By Steve Kelman

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One sure sign of whether 'Acquisition 360' will actually matter

government industry dialog

FCW ran a story late last week on a March 18 memo from Anne Rung, administrator of the Office of Federal Procurement Policy, to agency chief acquisition officers and senior procurement executives, entitled "Acquisition 360 – Improving the Acquisition Process through Timely Feedback from External and Internal Stakeholders." The memo also got a fair amount of attention on the Twittersphere.

By "360 feedback," of course, Rung means that everybody rates everybody else. So the memo establishes a program, starting with major IT acquisitions, for surveys to obtain contractor feedback to the government, program office feedback to the contracting office, and contracting office feedback to the program office. (The only thing missing from this symmetry is government feedback to the contractor, which of course is supposed to be provided by past-performance report cards. The Rung memo sadly missed an opportunity to announce efforts as part of this new initiative to revitalize the government's past-performance evaluation system.)

There is a big risk that something like this becomes a paperwork exercise. If it does, it will quickly implode -- given the proliferation of surveys people are asked to fill out these days, many of which get deleted by a mouse click, people will ignore surveys they don't find useful.

For surveys to be perceived as useful, the questions must elicit useful information, and useful results must then be acted on. Typically, the more specific the questions, and the less subjective the answers, the more useful the information will be, because it is more likely to be actionable.

For example, "how satisfied were you with your service" on a 1-5 scale is a less useful question than one that drills further down, because such general questions don't provide much information on which an organization can act. A headline "rating" -- 61percent of contractors are dissatisfied with the quality of the government's procurement process -- is just that, a nice headline. It provides no actual guidance to an organization, such as a government contracting shop, about where it is falling down and where or how to try to improve.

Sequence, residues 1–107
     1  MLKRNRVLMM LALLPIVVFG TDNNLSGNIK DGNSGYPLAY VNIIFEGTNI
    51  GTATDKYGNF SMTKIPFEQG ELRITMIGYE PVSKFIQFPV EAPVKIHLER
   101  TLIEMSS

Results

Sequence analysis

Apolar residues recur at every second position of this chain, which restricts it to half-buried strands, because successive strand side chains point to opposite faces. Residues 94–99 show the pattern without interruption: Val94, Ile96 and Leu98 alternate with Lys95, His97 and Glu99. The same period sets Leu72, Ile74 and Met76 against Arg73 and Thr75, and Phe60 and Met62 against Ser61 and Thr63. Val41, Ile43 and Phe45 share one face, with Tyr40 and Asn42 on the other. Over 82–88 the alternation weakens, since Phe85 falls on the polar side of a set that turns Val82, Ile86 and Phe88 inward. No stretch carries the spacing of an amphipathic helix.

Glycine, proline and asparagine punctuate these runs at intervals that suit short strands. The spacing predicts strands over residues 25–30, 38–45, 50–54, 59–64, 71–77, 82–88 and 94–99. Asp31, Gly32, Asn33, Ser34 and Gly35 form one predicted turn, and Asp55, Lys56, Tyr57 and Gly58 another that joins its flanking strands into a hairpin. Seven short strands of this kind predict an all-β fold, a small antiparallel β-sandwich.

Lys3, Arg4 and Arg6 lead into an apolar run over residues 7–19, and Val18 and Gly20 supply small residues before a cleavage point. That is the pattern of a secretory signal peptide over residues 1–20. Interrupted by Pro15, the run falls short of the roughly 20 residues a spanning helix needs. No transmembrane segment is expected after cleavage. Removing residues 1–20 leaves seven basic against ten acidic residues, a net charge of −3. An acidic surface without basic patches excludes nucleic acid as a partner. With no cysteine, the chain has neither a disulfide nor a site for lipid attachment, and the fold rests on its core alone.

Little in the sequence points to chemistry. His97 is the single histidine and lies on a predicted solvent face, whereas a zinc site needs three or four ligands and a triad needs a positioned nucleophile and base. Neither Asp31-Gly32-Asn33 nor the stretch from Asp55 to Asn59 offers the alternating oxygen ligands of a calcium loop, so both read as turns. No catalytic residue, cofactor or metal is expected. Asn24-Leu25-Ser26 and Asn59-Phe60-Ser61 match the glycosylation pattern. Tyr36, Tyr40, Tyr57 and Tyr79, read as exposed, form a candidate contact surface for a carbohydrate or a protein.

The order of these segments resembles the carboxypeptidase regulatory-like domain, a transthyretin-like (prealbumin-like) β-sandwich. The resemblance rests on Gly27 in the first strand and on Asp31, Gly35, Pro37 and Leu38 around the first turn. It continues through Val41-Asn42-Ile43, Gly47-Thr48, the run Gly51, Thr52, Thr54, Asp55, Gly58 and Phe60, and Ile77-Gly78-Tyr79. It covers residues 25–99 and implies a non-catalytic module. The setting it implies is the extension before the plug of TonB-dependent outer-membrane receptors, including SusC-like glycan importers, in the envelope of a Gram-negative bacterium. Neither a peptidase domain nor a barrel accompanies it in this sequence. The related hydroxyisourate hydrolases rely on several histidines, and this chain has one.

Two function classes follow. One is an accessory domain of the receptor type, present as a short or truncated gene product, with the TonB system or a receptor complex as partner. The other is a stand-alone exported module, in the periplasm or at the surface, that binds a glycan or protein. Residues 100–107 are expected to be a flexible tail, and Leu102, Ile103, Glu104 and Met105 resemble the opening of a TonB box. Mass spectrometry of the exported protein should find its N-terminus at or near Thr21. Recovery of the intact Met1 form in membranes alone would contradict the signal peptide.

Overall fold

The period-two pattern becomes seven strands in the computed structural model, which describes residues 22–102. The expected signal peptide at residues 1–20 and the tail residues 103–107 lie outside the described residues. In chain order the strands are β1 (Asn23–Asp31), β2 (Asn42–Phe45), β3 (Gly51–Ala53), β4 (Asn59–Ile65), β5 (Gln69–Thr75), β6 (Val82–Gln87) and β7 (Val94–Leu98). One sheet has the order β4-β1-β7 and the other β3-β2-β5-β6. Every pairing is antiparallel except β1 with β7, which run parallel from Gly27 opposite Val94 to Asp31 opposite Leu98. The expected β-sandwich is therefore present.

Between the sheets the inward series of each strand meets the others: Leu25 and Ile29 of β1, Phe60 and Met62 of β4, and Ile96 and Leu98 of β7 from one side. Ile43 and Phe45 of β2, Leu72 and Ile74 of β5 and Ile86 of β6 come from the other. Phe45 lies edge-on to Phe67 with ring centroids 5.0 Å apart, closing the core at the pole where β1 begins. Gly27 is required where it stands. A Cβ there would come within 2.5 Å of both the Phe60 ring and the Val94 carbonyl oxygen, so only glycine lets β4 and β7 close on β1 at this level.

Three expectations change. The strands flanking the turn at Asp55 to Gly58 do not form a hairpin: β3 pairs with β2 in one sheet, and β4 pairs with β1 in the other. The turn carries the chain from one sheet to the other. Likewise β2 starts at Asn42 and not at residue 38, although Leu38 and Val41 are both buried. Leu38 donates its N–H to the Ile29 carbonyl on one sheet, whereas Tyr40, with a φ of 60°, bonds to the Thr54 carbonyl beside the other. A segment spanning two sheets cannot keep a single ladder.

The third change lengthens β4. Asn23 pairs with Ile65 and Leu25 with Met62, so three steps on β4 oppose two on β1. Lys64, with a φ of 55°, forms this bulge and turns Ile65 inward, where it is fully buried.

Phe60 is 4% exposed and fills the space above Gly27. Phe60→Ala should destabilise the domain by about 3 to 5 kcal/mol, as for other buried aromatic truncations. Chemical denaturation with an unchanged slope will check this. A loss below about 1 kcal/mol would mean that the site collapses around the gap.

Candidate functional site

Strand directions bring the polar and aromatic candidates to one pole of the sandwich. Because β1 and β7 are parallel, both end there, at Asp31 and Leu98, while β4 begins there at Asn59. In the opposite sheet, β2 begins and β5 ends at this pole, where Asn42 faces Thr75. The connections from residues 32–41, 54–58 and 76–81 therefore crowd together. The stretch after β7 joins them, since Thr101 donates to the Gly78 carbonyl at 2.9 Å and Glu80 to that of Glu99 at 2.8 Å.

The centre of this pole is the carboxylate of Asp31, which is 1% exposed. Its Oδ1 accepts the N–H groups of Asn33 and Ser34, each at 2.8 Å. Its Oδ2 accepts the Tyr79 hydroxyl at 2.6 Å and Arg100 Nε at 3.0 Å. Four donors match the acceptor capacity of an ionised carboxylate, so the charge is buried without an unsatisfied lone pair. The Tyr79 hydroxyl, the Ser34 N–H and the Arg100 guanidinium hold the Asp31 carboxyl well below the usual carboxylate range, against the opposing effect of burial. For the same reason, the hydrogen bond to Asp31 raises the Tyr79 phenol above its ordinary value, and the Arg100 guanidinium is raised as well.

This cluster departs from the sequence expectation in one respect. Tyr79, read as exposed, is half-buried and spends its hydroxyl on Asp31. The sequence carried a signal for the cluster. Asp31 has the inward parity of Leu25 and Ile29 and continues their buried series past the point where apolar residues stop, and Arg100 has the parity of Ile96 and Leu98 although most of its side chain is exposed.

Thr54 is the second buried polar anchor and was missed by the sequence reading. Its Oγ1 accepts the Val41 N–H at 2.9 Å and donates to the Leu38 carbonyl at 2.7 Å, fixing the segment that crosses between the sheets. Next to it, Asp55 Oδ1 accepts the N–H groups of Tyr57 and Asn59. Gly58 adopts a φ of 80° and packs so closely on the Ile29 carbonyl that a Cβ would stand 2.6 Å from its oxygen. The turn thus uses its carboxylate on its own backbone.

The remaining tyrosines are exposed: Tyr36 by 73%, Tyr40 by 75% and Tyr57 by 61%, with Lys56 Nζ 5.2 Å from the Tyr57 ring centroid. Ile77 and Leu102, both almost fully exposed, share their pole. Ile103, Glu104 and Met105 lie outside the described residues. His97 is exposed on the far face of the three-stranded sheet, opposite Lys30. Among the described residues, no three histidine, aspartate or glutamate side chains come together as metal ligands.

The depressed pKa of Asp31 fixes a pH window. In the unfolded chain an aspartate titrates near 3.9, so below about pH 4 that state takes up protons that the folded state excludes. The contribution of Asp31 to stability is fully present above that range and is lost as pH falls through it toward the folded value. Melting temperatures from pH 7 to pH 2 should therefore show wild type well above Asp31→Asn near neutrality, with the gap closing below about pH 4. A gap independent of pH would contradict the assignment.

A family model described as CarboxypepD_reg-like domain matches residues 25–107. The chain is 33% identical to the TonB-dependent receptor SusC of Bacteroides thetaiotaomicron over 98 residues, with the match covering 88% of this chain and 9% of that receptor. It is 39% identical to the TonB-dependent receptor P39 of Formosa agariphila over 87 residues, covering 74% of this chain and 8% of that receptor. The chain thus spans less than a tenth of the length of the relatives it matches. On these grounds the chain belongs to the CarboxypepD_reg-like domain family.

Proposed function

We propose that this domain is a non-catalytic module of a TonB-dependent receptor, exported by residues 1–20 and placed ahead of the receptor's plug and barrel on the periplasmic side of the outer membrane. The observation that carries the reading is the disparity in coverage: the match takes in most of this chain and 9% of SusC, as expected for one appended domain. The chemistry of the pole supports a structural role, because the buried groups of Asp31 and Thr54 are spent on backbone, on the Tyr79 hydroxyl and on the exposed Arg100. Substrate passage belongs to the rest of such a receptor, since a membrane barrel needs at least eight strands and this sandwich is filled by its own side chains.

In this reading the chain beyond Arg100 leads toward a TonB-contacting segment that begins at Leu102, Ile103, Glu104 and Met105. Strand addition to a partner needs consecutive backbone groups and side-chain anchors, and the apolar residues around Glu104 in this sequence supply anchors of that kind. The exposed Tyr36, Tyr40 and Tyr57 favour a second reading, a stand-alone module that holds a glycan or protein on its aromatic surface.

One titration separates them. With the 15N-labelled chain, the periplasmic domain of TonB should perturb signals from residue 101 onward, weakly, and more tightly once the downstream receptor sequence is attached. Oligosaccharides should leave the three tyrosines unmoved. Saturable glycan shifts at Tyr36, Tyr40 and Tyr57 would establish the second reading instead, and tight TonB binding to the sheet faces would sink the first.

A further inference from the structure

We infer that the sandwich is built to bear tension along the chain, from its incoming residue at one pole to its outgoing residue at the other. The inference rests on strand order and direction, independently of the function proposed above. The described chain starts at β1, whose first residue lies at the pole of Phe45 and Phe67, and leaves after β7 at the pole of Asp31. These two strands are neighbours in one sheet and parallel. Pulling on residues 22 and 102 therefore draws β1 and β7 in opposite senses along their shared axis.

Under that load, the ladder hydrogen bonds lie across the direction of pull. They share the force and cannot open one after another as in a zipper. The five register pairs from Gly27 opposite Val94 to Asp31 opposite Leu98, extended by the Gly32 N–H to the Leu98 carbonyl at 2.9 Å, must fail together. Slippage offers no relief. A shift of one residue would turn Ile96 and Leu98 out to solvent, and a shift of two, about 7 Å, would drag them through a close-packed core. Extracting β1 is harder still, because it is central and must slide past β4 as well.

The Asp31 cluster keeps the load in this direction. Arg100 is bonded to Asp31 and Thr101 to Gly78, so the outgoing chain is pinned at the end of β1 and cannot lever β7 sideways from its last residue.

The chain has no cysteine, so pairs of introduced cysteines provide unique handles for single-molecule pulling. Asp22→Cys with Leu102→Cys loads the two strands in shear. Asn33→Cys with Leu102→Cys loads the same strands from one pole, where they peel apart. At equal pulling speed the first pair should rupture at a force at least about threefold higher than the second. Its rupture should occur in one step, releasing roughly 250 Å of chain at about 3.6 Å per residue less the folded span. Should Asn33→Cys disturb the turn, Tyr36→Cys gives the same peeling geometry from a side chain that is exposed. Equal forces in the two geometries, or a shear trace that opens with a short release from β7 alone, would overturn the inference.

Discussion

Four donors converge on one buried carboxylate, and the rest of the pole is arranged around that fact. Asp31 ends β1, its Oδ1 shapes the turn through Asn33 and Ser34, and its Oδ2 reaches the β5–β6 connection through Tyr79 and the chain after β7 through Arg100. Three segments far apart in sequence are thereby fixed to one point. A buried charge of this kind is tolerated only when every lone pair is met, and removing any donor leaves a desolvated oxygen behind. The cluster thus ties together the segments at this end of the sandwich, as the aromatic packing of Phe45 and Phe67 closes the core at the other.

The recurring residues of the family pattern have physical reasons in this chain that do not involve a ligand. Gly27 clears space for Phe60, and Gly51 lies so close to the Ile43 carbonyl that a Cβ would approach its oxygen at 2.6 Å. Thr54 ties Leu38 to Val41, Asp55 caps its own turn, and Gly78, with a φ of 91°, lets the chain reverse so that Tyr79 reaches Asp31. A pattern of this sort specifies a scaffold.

Having looked at the suggested survey questions in the Rung memo, I think they do well on the usefulness tests. (It is good news that the memo refers to getting "actionable" feedback.) So, for example, the template contractor survey provides questions asking how satisfied the contractor was "with the clarity of the final requirements," "that the agency answered questions regarding the solicitation in such a way that it helped you to prepare the proposal," and "with the opportunity to propose unique and innovative solutions."

Particularly for feedback from contractors to the government, my instinct is that vendors will give the government a chance to prove itself on these surveys, provided they are confident about anonymity, because many long for better communication with their customers. And unlike many surveys, where an individual respondent is one of thousands offering feedback into a huge nationwide system, here a respondent -- be they a contractor, a program office or a contracting shop -- is part of a relatively small number of people giving feedback on a narrowly defined community. This too will encourage people to respond.

That goodwill can easily be dissipated, however, if respondents see no follow-up in terms of efforts by survey recipients to improve their organizations' performance. So if this memo is a one-time shot from OFPP and from individual agencies, failure is assured. As with so much else in organizational life, and indeed life in general, follow-up will be key. Unfortunately, as the failure to announce an effort to revitalize the existing past-performance system made clear, the government often tends to be better at announcing new initiatives than to paying ongoing attention to old ones.

Posted by Steve Kelman on Mar 23, 2015 at 8:49 AM


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